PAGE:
Now this is where I expose the fact that I am not a great mother. Not by a long shot. I start yelling and fussing at my children to stop their present inferior and unimportant activities, even if those activities may be Godly ones like reading their new Bible storybook or their young men’s devotional book, in order to GET IN HERE AND HELP ME FIND THE BABY JESUS! Now my “Momma Logic” reasons that since, 1. I do not play with the toy manger set and 2. One of them was the last one to handle Him, that one of them must be to blame for his current missing status and therefore my current state of frantic frustration.
Don’t they know how much work decorating and undecorating is? Don’t they know that their careless misplacing of THE key piece of the whole shebang is stalling my progress and throwing my meticulously organized schedule to the wind? How dare they lose something as important as the Sweet Baby Jesus? What kind of mother has kids who lose the Star of Bethlehem? What kind of mother is flushed and ranting like a lunatic at her children about the Christ, rather than acting like Him?
That would be me.
After minutes of tense silence and clenched jaw while I simmered, Charlotte Rose squeals joyously while triumphantly brandishing the tiny babe lying in the plastic manger in her tiny little fist. She has been victorious and has saved the day, all while beating her brother to the punch. She beams as she proffers the baby and says sweetly, “Look, Mommy, he was in the sofa the whole time. I don’t know what you were so upset about. You said Jesus lives in our hearts and we should always act like he is in there. I guess maybe he got tired of being stuck in there and hopped on the couch!”
From the mouths of babes, wisdom does flow! I was rocked. I smiled at her, gave her a big kiss and sat back on the floor, humbled and ashamed. I had yelled and acted like a crazy person over a small piece of plastic, when I was missing the whole point. At that moment, I realized Jesus was missing all right, but it wasn’t from a cardboard box full of plastic toy figures. Jesus had temporarily gone missing from my heart.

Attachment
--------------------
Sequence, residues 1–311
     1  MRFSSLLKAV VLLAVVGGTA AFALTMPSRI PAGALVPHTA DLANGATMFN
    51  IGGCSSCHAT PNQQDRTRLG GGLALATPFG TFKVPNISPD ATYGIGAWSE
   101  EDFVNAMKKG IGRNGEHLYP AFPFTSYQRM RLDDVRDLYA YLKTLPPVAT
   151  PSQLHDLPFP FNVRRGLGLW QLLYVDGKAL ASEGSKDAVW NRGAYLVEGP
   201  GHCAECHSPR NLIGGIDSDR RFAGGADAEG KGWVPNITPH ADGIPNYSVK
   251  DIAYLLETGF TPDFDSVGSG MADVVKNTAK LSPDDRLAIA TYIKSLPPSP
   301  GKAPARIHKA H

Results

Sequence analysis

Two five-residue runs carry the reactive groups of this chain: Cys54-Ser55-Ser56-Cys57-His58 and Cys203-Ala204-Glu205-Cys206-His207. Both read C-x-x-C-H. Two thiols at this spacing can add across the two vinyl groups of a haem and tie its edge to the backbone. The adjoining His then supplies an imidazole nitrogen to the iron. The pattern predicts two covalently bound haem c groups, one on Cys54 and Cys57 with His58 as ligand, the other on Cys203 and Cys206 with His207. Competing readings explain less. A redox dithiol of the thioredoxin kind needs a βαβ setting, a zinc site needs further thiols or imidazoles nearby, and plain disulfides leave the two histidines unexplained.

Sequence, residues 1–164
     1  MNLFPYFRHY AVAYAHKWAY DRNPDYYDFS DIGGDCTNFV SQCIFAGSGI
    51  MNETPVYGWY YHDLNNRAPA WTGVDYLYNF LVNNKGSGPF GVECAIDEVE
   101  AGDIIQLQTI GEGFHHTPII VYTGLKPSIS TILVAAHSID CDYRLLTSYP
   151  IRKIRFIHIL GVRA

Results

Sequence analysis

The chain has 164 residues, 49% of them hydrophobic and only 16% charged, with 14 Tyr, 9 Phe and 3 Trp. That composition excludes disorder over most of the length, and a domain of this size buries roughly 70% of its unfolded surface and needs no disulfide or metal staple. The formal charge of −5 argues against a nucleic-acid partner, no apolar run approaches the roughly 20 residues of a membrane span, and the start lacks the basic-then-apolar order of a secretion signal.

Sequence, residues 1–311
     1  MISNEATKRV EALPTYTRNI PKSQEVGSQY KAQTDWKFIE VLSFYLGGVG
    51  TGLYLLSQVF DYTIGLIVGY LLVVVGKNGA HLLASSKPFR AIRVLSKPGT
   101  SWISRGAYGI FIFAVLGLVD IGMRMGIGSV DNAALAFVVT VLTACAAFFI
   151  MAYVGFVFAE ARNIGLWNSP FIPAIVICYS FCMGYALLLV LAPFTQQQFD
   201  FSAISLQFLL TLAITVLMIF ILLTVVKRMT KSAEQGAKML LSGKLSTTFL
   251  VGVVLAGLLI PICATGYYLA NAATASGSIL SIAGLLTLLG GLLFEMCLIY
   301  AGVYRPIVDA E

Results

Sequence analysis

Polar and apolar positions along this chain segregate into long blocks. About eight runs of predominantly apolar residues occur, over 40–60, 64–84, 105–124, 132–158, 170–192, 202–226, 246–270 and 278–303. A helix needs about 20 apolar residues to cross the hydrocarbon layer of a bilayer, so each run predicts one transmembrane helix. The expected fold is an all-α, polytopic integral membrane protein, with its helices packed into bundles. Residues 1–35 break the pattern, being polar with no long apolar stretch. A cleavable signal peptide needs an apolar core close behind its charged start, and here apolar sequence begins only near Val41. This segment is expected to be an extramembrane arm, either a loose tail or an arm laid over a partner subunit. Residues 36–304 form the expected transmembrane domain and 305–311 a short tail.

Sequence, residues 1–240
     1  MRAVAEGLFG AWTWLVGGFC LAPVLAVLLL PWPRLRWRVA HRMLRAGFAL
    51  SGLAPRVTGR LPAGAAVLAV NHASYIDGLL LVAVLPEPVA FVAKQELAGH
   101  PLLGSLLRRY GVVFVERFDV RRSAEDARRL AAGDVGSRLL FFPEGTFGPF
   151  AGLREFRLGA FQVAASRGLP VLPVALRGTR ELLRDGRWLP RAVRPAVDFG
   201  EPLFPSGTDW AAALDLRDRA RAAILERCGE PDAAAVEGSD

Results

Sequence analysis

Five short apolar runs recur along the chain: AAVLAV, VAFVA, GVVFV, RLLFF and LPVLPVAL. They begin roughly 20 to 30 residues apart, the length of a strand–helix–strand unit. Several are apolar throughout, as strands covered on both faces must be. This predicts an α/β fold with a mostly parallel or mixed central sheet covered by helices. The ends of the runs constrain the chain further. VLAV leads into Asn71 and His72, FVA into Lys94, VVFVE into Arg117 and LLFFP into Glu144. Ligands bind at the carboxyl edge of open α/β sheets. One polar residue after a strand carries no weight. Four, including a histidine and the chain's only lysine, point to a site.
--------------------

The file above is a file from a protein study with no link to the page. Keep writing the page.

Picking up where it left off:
How often do we get so caught up in the chores and clean up, the removing of the outward signs of the holidays, that we remove the celebrated One from our hearts as well? While busy stowing the decorations in the attic for next year, do we pack away the Savior too? This Christmas I am considering leaving the kids’ manger set out all year for her to play with. Maybe if He stays unpacked all year I will have a visual reminder of the time we had to almost put out an Amber Alert for Him. And maybe if she plays with Him all year, my daughter will know that, although He loves being in our hearts, He is welcome to hang out in the sofa sometimes too.
From my crazy household to yours, we wish you peace and blessings this Christmas.
When Louise first asked me to write about our family traditions and mainly how we have tried to keep Christ the center of Christmas in our home over the years, I was a little stumped because a lot of how I feel we have done that is through conversations. I could name a list of treasured traditions that are carried out each year (heaven forbid I mention not doing one and at least one of my kids would revolt, even at their older ages). But really, they aren’t all that “Christ-centered”, just Christmas centered. So I went to the source-my kids. I asked each of them individually, “How have we tried as parents to keep Christ the focus of our home during the holidays?” And ALL of them had the same response in at least several ways.
One thing we have always done is before a single gift is opened on Christmas, we read the Christmas story from Luke together. We also have tried to help our kids understand that it’s never about the presents, how many, how big- but about THE Gift that God sent us in Jesus.
Each year for as long as I can remember, we have done boxes for Operation Christmas Child, and for the last 9 years, we have gone with our youth group to process boxes. That experience has truly opened our eyes to what the phrase, “It is more blessed to give than to receive” means.
Over the years, we did advent calendars when they were small, adopted needy families for the holidays, put dollars in the red buckets- lots of little things. I think a big part of keeping Christ the center starts in our hearts and with our attitudes during the holidays. Whether we are baking cookies, putting out reindeer food, packing a shoebox, watching a Christmas movie- it’s all about LOVE- The love that the Father lavished on us when he sent his Son to earth. And if we can reflect that love to those around us by being kind and patient and giving, especially during the holidays then that speaks volumes to our kids. Don’t misunderstand, I have definitely had holiday seasons of at least inward stress because I wanted things to be “perfect”, whatever that is. But I am learning more and more as my kids are growing and some are not living here anymore that the greatest gift I can give is a peaceful and loving heart focused on Christ and cherish the moments I have with those I love. God IS love- and I want to be a good reflection of that.